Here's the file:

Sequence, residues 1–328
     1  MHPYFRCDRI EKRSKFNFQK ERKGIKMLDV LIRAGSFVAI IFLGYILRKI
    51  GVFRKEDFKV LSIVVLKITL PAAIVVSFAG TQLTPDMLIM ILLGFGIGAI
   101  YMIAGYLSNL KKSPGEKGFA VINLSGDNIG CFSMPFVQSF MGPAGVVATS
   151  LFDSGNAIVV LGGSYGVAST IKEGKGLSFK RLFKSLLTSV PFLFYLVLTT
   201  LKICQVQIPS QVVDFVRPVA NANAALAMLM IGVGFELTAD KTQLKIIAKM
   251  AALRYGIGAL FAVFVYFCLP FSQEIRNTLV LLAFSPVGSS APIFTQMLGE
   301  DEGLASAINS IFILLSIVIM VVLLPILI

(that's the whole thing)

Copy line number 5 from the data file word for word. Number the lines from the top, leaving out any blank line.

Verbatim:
   151  LFDSGNAIVV LGGSYGVAST IKEGKGLSFK RLFKSLLTSV PFLFYLVLTT